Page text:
Doctors say Aspergers Syndrome does not make people violentPosted: Updated:
The Newtown shooting has put a new focus on Aspergers Syndrome, which is a disorder family and friends of Adam Lanza said he suffered from.
However, doctors treating patients with Aspergers are speaking out and said the disorder does no tmake people violent.
Lanza, 20, shot and killed his mother as she slept in her bed and then went to Sandy Hook Elementary School Friday morning, where he proceeded to shoot and kill 20 children, between the ages of 6 and 7, and six adults before shooting himself in the head.
Eyewitness News contacted by quite a few doctors and specialists following the shooting in Newtown. WFSB wanted us to know that violence is not a symptom of Aspergers.
The fact of the matter is family friends of Lanza said they know he had the disorder , however, Eyewitness News does not know much more than that.
Dr. Mark Goldberg ,who works at the Brain Balance Center in Norwalk, spoke with Eyewitness News Tuesday and said the shooter may very well have had Aspergers, but that was likely not what made him kill so many people.
"Knowing hundreds of children with Aspergers that I deal with personally, there are no violent types of behaviors in their profile," he said.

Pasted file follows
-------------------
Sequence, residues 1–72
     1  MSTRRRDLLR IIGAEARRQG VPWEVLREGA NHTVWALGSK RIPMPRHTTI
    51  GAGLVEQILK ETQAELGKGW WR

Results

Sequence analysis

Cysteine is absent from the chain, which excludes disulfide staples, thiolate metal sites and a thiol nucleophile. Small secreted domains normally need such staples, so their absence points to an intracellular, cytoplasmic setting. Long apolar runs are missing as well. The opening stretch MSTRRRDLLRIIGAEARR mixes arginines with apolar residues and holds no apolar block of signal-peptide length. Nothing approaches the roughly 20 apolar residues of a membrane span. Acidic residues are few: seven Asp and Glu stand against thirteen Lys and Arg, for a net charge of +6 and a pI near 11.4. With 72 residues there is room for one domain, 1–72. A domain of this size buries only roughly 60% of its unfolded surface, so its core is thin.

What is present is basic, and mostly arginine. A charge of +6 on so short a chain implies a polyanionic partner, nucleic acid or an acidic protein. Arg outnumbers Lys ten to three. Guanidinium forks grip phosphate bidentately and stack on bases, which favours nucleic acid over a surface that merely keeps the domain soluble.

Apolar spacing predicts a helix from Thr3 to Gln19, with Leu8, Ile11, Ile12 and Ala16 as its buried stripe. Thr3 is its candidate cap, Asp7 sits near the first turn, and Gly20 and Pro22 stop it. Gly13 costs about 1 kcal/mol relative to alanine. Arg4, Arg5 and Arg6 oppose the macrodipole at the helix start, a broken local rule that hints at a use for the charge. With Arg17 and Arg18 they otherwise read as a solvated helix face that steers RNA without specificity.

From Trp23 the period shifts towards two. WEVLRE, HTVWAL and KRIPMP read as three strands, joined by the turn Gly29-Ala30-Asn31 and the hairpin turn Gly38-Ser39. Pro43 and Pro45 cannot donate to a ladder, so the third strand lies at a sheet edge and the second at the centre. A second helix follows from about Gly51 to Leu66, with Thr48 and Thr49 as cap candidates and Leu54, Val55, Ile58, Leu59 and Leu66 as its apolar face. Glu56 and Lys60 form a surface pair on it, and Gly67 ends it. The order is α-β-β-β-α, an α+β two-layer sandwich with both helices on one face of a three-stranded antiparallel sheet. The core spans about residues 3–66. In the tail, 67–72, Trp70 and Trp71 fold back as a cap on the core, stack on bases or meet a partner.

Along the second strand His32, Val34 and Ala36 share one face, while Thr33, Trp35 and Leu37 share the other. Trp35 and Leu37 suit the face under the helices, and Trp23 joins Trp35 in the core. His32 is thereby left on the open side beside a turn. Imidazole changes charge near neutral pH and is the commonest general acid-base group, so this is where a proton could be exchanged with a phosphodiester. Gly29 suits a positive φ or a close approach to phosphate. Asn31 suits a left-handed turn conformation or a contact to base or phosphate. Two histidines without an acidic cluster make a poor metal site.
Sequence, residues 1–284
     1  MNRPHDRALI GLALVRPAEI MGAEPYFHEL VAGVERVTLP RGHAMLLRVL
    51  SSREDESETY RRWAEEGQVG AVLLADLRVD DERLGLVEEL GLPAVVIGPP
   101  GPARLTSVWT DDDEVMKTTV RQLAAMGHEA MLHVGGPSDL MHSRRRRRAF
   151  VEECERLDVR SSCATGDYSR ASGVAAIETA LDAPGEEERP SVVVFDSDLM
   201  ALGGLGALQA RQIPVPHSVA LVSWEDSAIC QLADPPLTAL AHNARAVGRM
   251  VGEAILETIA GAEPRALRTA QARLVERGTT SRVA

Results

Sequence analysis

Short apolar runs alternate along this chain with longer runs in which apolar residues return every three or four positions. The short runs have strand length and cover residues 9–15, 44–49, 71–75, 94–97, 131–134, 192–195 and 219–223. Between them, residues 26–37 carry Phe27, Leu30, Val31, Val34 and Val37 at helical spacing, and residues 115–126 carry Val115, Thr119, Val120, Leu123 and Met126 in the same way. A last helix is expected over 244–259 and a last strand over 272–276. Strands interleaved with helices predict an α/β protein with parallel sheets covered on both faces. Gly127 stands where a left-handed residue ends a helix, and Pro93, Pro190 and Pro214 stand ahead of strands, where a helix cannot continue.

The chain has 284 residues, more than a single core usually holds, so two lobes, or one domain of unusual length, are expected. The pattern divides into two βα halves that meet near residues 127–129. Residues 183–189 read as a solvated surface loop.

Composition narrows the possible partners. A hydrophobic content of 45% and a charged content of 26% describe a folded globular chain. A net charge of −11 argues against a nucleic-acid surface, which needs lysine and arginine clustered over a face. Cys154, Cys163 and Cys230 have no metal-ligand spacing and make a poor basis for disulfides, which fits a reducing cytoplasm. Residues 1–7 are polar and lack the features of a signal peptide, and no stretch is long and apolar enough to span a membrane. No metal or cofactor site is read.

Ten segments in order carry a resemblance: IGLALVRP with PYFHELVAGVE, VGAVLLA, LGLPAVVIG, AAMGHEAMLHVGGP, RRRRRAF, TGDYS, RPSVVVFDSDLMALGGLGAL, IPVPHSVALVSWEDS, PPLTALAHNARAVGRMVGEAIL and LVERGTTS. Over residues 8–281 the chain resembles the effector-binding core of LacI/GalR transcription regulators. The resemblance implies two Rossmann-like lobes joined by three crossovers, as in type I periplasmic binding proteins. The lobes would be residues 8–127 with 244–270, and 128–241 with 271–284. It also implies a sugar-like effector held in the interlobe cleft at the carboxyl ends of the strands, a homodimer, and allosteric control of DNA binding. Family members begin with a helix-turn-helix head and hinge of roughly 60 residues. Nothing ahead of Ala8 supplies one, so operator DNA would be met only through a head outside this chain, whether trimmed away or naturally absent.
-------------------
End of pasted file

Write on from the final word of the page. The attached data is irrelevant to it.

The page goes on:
Doctors said Aspergers Syndrome is a disorder on the autism spectrum. Patients are often not able to process non-vernbal information because of an imbalance in the brain and are awkward in social situations.
Olivia DeVivo sat behind Lanza in 10th grade honors English, before his mother pulled him out to home school. DeVivo said he was very smart,but didn't like to speak in class.
"He just would get very nervous and his face would turn bright red and he would get very fidgety and you could just tell that it wasn't that he didn't know the answer it was just very difficult for him to say what he wanted to say," she said.
But, doctors said just because Lanza had Aspergers, doesn't mean that's what made him violent. Rather, it could have just been one thing the young man was suffering from.
"I would say we will absolutely find in this particular case, that there are other co-morbid, meaning other types of problems that this individual had, in addition to Aspergers, that led to this unfortunate circumstance," said Goldberg, who is a functional neurologist.
Goldenberg said of course we'll learn more as the investigation goes on and as more is unveiled about Lanza himself.
He said his main concern is that this incident will put a stigma on Aspergers, and make those suffering from it embarrassed to come forward. Goldenberg said that shouldn't be the case.